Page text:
Incumbent firms always struggle with disruptive rivals because they don’t want to cannibalise their existing offerings or they are unable to rethink their existing way of working.
This award is for the organisation that most successfully reinvented itself when faced with a major challenge to its previously-successful business model.
Learn more about the 2018 shortlisted candidates
Innovation has always been fundamental to the success of Bayer, one of the world’s largest life science companies. But with important changes underway in healthcare and agriculture, as well as broader trends in digital disruption, the company recognised that innovation driven by the traditional research and development process alone would not be sufficient.
So, in 2016 Monika Lessl, Head of Innovation Strategy, formulated a systemic approach to make innovation the responsibility of all employees, focusing on four pillars: Inspire, Learn, Collaborate, and Connect. By early 2018, the innovation programme had real momentum – nearly 1,000 people had some sort of formal role to support innovation; more than 5,000 had been involved in innovation training; and more than 35,000 were connected through the online innovation portal, YOUniverse.
At the heart of this transformation is a novel organising model, an ‘agile network’ of 80 innovation ambassadors and more than 700 coaches who are pushing the company’s innovation agenda, while also continuing to do their traditional jobs within the hierarchical structure. While getting this network started took a lot of effort, there is now a waiting list of people seeking to join this community.
With the ‘backbone’ of the innovation programme completed, Bayer is now moving to Phase Two. This means making the framework sustainable, further developing innovation capabilities and expanding the innovation network to an entire ecosystem – while not losing sight of the business impact and the need to showcase the truly impressive results the programme is generating.
Follow Bayer on Twitter: @Bayer
The story of Benivo is really one of resilience, self-awareness and – above all – the courage to be agile. Benivo provides relocation services to employees of large corporates, easing their transition to a new job in a new country through help on all matters to do with relocation. But it didn’t start out that way.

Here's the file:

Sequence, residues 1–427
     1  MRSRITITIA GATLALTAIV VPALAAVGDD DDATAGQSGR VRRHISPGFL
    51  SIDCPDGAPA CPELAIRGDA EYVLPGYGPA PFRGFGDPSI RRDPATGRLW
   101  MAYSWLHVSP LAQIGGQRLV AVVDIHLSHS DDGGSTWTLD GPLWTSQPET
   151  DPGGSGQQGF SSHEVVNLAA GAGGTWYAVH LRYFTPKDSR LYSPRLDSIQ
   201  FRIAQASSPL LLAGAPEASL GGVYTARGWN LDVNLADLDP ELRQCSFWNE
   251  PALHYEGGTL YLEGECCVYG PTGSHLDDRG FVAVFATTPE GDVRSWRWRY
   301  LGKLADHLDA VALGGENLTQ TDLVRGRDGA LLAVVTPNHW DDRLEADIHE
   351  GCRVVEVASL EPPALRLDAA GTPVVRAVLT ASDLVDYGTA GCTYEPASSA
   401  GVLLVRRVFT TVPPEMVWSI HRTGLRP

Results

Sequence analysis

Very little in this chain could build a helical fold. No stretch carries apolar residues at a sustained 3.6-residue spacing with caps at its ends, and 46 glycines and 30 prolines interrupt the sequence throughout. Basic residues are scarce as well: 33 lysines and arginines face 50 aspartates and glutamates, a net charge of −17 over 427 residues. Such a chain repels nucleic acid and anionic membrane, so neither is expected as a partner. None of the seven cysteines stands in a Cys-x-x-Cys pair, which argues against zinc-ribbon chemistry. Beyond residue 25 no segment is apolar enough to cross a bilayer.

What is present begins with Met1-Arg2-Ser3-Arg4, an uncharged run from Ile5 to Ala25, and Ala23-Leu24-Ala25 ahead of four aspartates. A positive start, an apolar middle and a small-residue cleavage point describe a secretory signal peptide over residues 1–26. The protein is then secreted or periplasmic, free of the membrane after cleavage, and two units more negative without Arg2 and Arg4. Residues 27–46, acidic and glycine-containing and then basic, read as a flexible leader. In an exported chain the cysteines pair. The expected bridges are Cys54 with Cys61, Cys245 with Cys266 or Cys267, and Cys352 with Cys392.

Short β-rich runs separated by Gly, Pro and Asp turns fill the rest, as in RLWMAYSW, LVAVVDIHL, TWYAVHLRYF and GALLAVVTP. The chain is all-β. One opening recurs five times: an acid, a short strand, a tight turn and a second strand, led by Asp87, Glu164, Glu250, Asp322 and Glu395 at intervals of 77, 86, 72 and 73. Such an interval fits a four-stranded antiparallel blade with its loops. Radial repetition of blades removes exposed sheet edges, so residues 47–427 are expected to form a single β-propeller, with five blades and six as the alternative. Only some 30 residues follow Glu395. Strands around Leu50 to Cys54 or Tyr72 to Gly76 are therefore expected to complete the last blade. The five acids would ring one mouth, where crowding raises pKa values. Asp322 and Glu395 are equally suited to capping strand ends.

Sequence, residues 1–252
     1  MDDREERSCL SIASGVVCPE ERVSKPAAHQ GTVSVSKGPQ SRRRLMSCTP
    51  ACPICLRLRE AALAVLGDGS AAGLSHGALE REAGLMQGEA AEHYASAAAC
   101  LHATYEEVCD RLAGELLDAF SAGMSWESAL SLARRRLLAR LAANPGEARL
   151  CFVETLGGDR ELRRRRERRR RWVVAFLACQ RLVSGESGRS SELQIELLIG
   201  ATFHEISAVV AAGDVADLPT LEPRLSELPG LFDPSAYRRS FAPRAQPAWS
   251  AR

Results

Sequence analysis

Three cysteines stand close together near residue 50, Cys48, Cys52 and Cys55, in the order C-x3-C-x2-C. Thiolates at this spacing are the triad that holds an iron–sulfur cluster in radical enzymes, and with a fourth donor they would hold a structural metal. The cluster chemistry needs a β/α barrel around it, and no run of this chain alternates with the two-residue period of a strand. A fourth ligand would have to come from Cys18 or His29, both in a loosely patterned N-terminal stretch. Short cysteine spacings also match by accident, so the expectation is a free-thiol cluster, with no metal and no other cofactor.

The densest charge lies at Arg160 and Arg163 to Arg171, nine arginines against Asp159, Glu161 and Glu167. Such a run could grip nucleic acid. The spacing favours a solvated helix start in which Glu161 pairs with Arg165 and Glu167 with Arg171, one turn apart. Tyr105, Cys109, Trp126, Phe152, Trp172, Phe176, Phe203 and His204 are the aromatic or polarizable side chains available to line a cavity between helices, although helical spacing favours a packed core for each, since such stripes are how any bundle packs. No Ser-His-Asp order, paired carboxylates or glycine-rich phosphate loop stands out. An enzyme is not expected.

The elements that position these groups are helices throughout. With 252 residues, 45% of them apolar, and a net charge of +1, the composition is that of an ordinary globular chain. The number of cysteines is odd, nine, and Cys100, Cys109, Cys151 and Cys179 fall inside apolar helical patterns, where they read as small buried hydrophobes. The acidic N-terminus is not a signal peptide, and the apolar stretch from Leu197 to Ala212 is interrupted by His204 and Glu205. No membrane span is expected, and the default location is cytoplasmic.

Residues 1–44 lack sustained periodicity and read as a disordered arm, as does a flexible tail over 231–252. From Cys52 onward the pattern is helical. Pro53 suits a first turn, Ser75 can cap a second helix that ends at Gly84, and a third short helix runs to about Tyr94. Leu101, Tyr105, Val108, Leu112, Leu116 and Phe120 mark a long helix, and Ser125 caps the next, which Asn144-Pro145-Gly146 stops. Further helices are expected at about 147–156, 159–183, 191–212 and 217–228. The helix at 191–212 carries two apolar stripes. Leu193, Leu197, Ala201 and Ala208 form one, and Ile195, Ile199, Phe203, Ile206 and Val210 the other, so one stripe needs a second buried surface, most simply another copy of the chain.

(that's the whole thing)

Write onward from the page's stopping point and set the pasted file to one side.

Founder Nitzan Yudan’s original idea was a sub-letting service for people looking for flats they knew could be trusted. Unfortunately, the start-up ran into problems and Yudan was faced with hard choices. This was the point where many entrepreneurs fail because they are so emotionally attached to their creation that they are unable to modify it – or change it completely – in favour of a new model.
But Yudan had the courage to “kill his darling” and think again. On the way, he developed a new approach to validate business ideas - Sell-Solve-Scale (an ultra lean-startup approach, that starts with a paying client even before the minimum viable product has been established), and managed to sign Google on a paid pilot with the “ugliest-page-in-the-history-of-internet-pages”. Yudan reinvented his business model entirely to enter a new market, eventually winning more than 50 clients including Google, PwC, Verizon, Vodafone and Bloomberg, and growing the company to 70 employees.
Follow Benivo on Twitter: @benivohq
On the face of it, Italian energy giant Enel seems an unlikely candidate for the Masters of Reinvention Award. A world-leading integrated electricity and gas operator, it works in 34 countries across five continents, generating energy with a managed capacity of more than 88 GW, selling gas and distributing electricity across a network spanning almost 2.2 million km. With almost 72 million end users, it is one of Europe’s leading energy companies by installed capacity and reported EBITDA.